Currently, I'm reading Start. Right. Now.: Teach and Lead for Excellence by Whitaker, Zoul, and Casas, and the book and quote pictured allowed me to reflect on what I am doing on a daily basis. The start of this quote is nothing new, John C. Maxwell's words have been shared in professional literature, on motivational posters, and during conference sessions, but the authors of Start. Right. Now., added "and grows each day" to the end. By adding those four words, I felt the authors wanted to demonstrate the importance of a principal/teacher/coach viewing themselves as a lead learner.
Taking time to reflect on my own work, I looked at each phrase and identified where my work fit.
Knows the Way:
Based on state and district initiatives, building improvement goals, student and teacher needs, and my own informal observations, I am able to identify where we are and where we need to head. Throughout the year, I set aside time to check in on the steps we as a building and myself as a coach, have taken toward meeting the goals. Based on the data and feedback, I will make changes to the course I/we are on. I am also willing to admit when I don't know something, and will reach out to my colleagues and PLN for advice or assistance.
Shows the Way:
So much of what I do as an Instructional Coach revolves around modeling, or showing the way. On a daily basis, I am in classrooms partnering with teachers to plan, teach, reflect, or implement an instructional practice. Along with modeling in classrooms, my actions throughout the building and district demonstrate the impact I believe our work is having. In coaching, as in other leadership areas, transparency is vital, so along with showing the way, I have to show the "why."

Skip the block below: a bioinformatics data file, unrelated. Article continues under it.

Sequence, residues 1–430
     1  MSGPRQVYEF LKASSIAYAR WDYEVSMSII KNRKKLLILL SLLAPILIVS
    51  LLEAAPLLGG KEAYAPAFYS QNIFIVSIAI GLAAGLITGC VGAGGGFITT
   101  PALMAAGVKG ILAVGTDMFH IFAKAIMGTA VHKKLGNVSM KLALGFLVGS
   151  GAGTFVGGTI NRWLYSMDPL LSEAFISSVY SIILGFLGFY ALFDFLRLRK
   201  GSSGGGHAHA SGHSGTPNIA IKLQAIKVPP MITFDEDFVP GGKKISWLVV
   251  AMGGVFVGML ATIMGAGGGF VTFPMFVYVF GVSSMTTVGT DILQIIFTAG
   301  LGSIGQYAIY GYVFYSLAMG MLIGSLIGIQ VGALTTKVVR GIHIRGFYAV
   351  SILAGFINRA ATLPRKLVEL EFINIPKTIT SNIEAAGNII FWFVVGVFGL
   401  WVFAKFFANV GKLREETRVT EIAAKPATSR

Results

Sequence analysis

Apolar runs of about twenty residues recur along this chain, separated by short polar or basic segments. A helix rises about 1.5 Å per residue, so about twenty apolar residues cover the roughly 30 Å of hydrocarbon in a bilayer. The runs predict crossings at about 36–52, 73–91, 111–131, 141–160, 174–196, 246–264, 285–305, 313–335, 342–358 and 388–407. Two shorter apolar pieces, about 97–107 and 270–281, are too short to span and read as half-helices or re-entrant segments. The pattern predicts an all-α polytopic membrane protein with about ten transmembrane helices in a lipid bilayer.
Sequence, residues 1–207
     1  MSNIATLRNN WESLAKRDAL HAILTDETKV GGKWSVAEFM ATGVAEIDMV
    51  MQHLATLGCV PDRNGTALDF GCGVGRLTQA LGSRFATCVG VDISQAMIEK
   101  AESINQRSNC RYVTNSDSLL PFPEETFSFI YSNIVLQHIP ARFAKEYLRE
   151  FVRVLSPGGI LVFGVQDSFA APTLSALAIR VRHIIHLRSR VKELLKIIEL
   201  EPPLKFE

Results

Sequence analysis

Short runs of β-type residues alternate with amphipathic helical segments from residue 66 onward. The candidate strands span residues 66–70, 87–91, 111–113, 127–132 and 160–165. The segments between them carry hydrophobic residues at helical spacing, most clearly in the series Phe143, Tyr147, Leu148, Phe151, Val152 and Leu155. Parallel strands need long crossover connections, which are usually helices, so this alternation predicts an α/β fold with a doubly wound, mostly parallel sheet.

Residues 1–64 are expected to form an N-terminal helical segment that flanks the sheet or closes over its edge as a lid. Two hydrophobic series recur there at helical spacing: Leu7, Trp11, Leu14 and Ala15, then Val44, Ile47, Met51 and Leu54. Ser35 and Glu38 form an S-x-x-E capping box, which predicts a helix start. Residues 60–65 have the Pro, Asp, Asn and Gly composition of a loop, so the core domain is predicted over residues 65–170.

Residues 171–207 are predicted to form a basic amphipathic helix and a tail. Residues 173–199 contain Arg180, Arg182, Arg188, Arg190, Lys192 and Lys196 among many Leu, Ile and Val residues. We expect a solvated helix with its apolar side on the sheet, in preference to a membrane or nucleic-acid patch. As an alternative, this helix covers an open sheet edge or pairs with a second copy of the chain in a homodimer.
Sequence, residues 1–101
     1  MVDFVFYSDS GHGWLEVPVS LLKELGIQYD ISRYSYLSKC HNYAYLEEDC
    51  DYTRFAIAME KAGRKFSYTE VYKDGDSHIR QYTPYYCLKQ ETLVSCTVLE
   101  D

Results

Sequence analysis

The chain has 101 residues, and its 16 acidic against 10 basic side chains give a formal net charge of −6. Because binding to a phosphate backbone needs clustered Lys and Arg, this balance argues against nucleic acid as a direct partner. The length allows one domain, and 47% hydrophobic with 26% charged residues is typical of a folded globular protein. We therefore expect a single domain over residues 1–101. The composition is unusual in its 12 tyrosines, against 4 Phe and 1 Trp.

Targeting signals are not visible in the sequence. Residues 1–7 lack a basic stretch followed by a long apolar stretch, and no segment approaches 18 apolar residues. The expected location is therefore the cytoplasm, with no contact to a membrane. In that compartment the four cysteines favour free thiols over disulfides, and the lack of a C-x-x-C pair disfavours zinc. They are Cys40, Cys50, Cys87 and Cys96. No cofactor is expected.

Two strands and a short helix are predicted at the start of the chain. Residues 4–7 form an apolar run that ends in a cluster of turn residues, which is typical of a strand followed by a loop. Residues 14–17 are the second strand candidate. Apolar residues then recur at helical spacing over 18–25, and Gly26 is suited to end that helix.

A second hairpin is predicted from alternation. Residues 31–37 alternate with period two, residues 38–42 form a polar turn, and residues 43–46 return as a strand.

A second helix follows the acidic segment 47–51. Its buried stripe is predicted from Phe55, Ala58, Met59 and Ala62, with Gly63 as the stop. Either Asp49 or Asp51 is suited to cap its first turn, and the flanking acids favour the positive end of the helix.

Goes the Way:
Like most adult learners, when a new district initiative, state program, or change comes around, I like to know the why behind it. This allows me to learn more about the change and grapple with how it will impact the students and teachers I serve, and most importantly how I will continue to be an advocate and ambassador for these stakeholders.
Grows Each Day:
Through professional readings, social media, grad classes, conferences, EdCamps, workshops, MOOCs, and my PLN I have had the opportunity to continue learning, reflecting, and growing every day. By no means am I an expert, but through the aforementioned activities, I strive to increase my knowledge, home my skills, and make a difference every day.
I love to read, and I have to say, Start.Right.Now is a book I will absolutely recommend to colleagues, classmates, and anyone looking to challenge themselves as a teacher and leader!
Recently, I was asked what I thought the three most important tasks of instructional supervision/evaluation were. The response was to be from an Instructional Coaching lens, but as I thought about my answer, I noticed it wasn’t far off from how I would respond in one of my administration graduate classes.
My three tasks: Shared Vision, Feedback, and Reflection.
Shared Vision - Cultivating a shared vision entails identifying the teacher’s (or building or district’s) current reality and together using data to inform decisions, identify and progress toward the desired state.A professor of mine once said, “If you don’t know where you’re headed, any path will lead you there” and to me, having a shared vision doesn’t do anyone any good if you haven’t thought out where you want to end up.
Feedback - Feedback should be specific, grounded in data, and non evaluative when coming from an instructional coach. If it’s from an administrator, than the feedback more than likely would be evaluative.
Reflection - Reflection involves employing coaching language, and allowing or encouraging teachers to reflect on their practice and choose areas for improvement. Reflection should be forward thinking, rather than dwelling on the past, or being content with how things are.
Those were my three tasks, and I’m curious what your three would be.